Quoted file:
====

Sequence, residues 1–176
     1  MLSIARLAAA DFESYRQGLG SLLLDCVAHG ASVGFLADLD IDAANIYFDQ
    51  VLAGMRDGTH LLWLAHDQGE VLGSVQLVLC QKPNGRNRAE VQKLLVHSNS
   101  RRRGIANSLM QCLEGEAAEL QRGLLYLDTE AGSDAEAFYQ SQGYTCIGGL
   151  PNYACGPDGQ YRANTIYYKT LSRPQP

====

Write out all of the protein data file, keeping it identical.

Sequence, residues 1–176
     1  MLSIARLAAA DFESYRQGLG SLLLDCVAHG ASVGFLADLD IDAANIYFDQ
    51  VLAGMRDGTH LLWLAHDQGE VLGSVQLVLC QKPNGRNRAE VQKLLVHSNS
   101  RRRGIANSLM QCLEGEAAEL QRGLLYLDTE AGSDAEAFYQ SQGYTCIGGL
   151  PNYACGPDGQ YRANTIYYKT LSRPQP